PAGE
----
As you can see in the Oscar video above, Roger Avary also received the Oscar with Tarantino. While Tarantino wrote most of the movie, Roger Avary helped him with his rewrites and with developing storylines. It’s been reported that Avary created the Golden Watch storyline for example. 

But it doesn’t seem like they had ever co-written the script, more so that Avery came in to restructure things. But not much has been told on how that process took place.

2. Reservoir Dogs (1992)

Score: 90%

Written by: Quentin Tarantino 

Directed by: Quentin Tarantino

Budget: $1.2 Million Dollar

US Box Office: $2.8 Million Dollars

World Box Office: $2.9 Million Dollars

Screenplay

Logline: When a simple jewelry heist goes horribly wrong, the surviving criminals begin to suspect that one of them is a police informant.

What Makes It So Special?

Reservoir Dogs is a movie that was shot on a small budget ($1.2 million) and depicts with gripping reality the world of criminal organizations. The strength of the movie comes from the witty, smart dialogue, the detailed world building and the incredible cast.

The low budget is probably one of the things that makes Reservoir Dogs so special. It’s a great movie to study for newcomers since it wasn’t shot on a big budget, but is written with such details and heart that it is one of the most iconic movies ever made. 

How Did Tarantino Write It?

According to Tarantino himself, Reservoir Dogs was inspired by “The Killing” (1956) by Stanley Kubrick. This was Tarantino’s version of the heist movie genre. 

Reservoir Dogs definitely made people talk back in the 90s since it was the movie that gave Tarantino recognition. Its success made a lot of people wonder how Tarantino did it. He wasn’t the name he is today, Reservoir Dogs was an indie movie, shot on a small budget and it became one of the most iconic movies of its time.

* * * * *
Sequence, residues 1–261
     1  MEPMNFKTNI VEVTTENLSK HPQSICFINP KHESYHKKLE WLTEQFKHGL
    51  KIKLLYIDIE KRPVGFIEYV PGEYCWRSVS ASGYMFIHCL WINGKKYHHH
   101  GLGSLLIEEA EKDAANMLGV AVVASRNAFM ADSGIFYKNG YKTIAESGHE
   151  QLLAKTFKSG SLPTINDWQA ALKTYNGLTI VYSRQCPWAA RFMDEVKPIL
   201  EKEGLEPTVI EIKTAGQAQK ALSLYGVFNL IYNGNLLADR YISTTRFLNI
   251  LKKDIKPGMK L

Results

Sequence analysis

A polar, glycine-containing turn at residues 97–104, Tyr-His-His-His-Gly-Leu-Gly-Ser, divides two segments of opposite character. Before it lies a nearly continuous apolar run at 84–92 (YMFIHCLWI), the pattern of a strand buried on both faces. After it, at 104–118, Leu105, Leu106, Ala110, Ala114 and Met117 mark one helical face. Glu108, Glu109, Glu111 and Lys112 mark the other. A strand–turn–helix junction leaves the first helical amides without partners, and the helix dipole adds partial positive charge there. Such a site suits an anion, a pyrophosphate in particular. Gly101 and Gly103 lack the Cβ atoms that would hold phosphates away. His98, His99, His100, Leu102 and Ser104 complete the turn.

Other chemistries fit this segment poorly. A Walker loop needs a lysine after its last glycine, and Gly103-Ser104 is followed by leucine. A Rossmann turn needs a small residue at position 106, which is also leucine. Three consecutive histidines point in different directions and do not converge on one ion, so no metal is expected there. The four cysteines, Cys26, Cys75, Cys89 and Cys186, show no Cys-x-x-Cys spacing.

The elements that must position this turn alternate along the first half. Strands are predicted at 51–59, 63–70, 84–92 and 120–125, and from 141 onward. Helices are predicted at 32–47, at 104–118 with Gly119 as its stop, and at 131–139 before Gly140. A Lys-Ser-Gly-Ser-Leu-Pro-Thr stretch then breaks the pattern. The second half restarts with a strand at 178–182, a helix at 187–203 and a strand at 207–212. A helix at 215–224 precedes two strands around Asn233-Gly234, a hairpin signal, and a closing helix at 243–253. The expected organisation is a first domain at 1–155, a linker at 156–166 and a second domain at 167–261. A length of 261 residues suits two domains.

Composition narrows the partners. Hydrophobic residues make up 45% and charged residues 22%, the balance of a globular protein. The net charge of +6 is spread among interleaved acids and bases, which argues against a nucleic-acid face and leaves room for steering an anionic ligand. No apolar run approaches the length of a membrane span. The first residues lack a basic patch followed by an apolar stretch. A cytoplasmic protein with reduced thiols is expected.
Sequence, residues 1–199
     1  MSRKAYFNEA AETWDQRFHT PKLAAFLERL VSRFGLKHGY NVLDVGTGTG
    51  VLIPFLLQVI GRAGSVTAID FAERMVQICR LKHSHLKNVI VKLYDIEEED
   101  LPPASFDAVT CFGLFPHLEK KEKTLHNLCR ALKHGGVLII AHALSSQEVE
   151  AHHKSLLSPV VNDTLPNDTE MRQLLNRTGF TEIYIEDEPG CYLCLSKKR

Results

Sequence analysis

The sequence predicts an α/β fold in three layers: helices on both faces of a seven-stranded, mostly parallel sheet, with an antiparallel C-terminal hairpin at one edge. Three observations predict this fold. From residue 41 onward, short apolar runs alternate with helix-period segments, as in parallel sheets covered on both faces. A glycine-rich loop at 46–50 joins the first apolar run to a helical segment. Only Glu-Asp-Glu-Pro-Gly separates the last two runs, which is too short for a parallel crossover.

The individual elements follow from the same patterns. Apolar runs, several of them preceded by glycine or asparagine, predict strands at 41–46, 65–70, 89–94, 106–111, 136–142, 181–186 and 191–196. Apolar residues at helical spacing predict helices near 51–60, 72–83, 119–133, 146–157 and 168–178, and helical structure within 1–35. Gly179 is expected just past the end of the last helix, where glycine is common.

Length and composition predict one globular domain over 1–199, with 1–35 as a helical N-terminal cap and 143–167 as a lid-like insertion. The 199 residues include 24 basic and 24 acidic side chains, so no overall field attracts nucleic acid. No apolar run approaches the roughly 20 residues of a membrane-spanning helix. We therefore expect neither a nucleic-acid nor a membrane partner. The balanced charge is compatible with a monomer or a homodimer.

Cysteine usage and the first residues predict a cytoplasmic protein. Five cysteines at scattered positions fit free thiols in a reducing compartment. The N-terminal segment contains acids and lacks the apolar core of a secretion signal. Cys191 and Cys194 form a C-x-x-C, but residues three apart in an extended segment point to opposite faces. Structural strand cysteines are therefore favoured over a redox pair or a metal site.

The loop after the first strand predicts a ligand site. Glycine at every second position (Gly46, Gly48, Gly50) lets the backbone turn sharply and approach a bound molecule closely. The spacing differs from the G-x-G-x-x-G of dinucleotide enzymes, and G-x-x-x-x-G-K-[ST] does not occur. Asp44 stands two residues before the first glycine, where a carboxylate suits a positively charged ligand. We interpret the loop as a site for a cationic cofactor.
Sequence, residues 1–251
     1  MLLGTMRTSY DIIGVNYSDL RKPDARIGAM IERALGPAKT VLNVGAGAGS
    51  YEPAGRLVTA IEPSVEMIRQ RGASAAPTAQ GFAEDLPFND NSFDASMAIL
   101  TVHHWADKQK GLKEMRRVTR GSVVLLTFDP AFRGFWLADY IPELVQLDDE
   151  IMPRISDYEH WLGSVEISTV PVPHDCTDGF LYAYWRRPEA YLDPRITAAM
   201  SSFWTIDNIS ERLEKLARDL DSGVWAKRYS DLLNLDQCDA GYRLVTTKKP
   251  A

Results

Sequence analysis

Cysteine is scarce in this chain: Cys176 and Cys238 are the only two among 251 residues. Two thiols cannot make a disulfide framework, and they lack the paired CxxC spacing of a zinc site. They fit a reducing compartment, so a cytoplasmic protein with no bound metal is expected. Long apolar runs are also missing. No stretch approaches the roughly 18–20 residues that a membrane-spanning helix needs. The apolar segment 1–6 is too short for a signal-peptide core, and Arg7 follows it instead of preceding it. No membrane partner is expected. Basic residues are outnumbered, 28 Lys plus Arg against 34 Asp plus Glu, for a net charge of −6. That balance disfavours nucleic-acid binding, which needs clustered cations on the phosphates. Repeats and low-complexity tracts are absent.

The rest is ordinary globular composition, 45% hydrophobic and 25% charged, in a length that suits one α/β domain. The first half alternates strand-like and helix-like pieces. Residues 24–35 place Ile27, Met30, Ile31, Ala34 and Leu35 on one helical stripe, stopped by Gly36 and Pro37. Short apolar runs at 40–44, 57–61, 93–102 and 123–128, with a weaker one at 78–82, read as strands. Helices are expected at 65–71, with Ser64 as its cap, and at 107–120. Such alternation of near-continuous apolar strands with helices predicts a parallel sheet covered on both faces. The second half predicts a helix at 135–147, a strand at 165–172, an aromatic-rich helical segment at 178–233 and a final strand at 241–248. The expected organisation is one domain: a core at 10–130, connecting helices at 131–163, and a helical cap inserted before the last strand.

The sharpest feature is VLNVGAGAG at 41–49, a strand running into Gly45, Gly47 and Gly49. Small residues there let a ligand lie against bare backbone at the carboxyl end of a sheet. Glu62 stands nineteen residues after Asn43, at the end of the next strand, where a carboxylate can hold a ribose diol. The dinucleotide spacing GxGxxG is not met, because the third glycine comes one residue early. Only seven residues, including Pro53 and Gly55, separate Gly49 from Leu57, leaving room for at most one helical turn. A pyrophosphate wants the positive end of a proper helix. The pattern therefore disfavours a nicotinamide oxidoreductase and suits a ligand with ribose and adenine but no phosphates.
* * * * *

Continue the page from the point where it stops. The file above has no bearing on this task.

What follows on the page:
Before writing Reservoir Dog, Tarantino worked as an actor on smaller gigs and worked on the production side of things. His first industry job was as an assistant on a Dolph Lundgren production – nothing glamorous. He had many different jobs over a six-year period in Los Angeles, where it seems like nothing was getting him anywhere.

Before writing Reservoir Dogs, Tarantino was working in a video store  – The Video Archive – in L.A.  (I wish we still had those). Every week, he would rearrange the shelves to create a theme. One week it would be thrillers, another it would be specific to a director. Ultimately, one week, he made the shelf specific to heist movies and took one movie with him every night to watch at home.

By watching these movies he thought that the heist genre would be great to re-explore and remake. So he came up with an idea for one. 

His movie would fix one thing he hated about all heist movies: the characters always put together such an elaborate robbery, but one small stupid detail later on prevents them from walking away free. He didn’t want that. He wanted his characters to be savvy enough to walk free from their crime. 

Once he knew he was going to write his heist movie, he bought a bunch of notepads and pens and got to work. It took him about three weeks to write a screenplay for Reservoir Dogs. He brought the idea to Lawrence Bender that he knew through his acting gigs and Lawrence joined as a producer. 

The plan was to get his friends to act in the movie (super low budget), but eventually, Harvey Keitel heard of the indie movie through Lawrence Bender’s acting coach. He read the script and wanted in – which was amazing for Tarantino since Harvey was his favorite actor – and it allowed them to raise more money for it (it still is considered a low budget movie).

Many of the actors who played in Reservoir Dogs were impressed with Tarantino’s script. It was different from anything they had read before. Tarantino used “Chapters” as if the script was a novel and it would use a non-linear storyline as if time wasn’t a real thing. It was different, it felt unique and it felt like something they wanted to be a part of.